Machines That Help, But Not Replace, Humans

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The essence of the digital age is that machines talk to one another. Whether it’s our laptop talking to a server or a toaster that tweets, machines are being built to communicate. Machines no longer just mechanize human tasks as they have since the industrial age – they are adapting and changing the way we think, interact and live.

We have often heard that machines, such as robots, will replace or outsmart humans. Yet many experts envision a symbiosis where machines will become an extension of humans, anticipating needs and responding to biological and other cues to perform tasks and assist with decisions. And a two-way communication between human and machine will be at the center of this relationship.

As machines increasingly allow us to outsource both mundane and life-altering tasks, recent advances in human-robot interaction have begun exploring ways to mimic the various forms of implicit communication that occur between humans, said Jim Boerkoel, assistant professor of computer science at Harvey Mudd College in Claremont, Calif.

“An example is an autonomous vehicle pulling up to a 4-way stop at the same time as another vehicle. While the vehicle may not be able to make eye contact or hand gestures, it can choose to hold back or slowly forward creep to communicate its intention to defer or to proceed,” Boerkoel said.

Systems that interact and process data currently power complex machines like the F-35 aircraft. Ultimately, access to more and better information helps human operators to make better decisions. Lockheed Martin’s fleet information management backbone for the F-35 – its Autonomic Logistics Information System (ALIS) – allows the aircraft to ‘talk’ to its supporting systems.

ALIS integrates all steps of the F-35 sortie generation cycle, constantly monitoring the aircraft’s maintenance status so the pilot can successfully carry out each mission.

This single platform blends a tremendous amount of incoming and outgoing data, such as aircraft maintenance health and battle conditions, to equip pilots, maintainers and military leaders to operate and maintain the stealth fighter. “ALIS is a game changer because there is much more information available before, during and after a flight, and this information makes it possible for service personnel to make proactive decisions,” said Jeff Streznetcky, ALIS director at Lockheed Martin.

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A beauty of evolving machine technology is its adaptability to human needs. Enterprise open system architecture like that used in the F-35, for example, is flexible enough to allow military operators on the ground and in the air to choose any number of options in both hardware and software applications.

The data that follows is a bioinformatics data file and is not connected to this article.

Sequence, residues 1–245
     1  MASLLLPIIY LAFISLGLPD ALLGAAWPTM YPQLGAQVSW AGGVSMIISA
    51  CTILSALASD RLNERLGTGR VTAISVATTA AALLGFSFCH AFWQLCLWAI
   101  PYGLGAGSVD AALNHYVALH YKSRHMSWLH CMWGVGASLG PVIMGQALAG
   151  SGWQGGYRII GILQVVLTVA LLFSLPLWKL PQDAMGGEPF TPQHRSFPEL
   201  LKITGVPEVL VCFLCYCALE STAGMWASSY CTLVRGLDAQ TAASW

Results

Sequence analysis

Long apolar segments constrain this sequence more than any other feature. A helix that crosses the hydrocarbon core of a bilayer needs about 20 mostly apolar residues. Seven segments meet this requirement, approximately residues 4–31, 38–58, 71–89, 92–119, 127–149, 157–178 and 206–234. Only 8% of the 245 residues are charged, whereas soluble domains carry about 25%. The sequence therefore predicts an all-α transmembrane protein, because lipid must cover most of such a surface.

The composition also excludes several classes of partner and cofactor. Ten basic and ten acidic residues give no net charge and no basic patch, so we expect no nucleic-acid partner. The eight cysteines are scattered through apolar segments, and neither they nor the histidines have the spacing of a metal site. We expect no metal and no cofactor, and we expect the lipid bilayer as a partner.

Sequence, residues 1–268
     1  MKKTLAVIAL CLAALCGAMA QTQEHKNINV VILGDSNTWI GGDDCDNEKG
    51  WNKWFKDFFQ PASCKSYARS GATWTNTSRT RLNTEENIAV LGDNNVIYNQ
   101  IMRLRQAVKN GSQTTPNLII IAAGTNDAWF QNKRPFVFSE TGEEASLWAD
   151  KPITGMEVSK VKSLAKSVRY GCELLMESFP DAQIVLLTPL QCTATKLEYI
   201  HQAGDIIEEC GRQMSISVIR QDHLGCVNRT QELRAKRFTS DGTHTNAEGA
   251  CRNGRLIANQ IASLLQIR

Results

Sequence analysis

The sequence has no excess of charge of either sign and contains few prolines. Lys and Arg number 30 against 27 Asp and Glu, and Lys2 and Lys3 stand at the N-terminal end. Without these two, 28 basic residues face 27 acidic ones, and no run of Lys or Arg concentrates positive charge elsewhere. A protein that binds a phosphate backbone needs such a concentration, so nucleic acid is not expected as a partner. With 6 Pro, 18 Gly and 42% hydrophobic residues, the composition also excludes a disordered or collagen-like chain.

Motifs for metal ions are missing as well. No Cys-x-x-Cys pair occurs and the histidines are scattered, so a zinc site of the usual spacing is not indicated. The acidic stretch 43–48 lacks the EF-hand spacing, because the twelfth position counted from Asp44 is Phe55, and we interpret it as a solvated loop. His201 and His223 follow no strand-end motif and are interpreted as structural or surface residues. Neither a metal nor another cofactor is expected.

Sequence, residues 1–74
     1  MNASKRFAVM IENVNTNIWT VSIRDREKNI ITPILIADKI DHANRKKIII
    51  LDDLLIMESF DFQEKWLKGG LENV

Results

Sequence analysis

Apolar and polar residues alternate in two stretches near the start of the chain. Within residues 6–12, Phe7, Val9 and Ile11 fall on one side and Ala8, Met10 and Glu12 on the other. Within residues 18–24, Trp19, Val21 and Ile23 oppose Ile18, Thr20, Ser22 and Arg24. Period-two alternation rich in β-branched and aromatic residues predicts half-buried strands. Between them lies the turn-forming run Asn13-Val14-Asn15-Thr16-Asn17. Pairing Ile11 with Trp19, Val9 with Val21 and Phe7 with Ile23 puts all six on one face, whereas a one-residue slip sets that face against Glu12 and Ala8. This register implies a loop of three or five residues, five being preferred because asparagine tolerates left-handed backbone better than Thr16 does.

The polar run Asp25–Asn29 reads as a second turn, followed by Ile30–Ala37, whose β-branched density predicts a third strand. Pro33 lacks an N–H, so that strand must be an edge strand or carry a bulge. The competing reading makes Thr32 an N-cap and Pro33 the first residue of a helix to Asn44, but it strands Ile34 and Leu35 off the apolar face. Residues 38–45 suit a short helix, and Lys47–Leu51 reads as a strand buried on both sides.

Scientist Kristian Hammond, who helped create Quill, a platform that translates Big Data into understandable language, wants machines to have the ability to communicate with each other and with humans in easily understandable ways. He sees machine communication as a natural extension of the need to understand the massive data sets available to us.

“We have started to think of ourselves and technology as a conduit for information. Answers alone don’t make us smarter; answers and communication are the future of collaboration with intelligence systems,” Hammond said.

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Hammond thinks artificial intelligence is entering an era where it will create a narrative to further human understanding. “These are narratives generated by systems that understand data, that give us information to support the decisions we need to make about tomorrow.”

“We don’t all have to become data scientists in order to work with the machine. The machine needs to become more human and work with us,” Hammond said.

Ray Ptucha, director of the Machine Intelligence Lab at the Rochester Institute of Technology, thinks there will be a point when computers become smarter than humans. Futurists predict this will happen in anywhere from 10 to 100 years.

But machines can only evolve in this direction with a deeper understanding of the human mind. “Machine learning techniques that are inspired by the neurons of the human brain are key to making these technological advances possible,” Ptucha said.

In the ultimate symbiosis of man and machine, machine evolution has parallels to the evolution of the human mind, said Thomas Hazel, founder and chief scientist at Deep Information Sciences.

“As the power of the mind increased, so did the functions of the body and vice versa, causing a feedback loop of higher and higher capability and capacity. At some point, in this transformation of body and mind, the ability to communicate between minds occurred, and has had an exponential effect: humans are now creating a machine evolution mirroring their own.”

This article is the second of six stories in the “F-35: How it Works” series produced by The Washington Post BrandConnect. Stayed tuned for the rest of the series in the coming weeks. View the first article here. (Credit WP BrandStudio)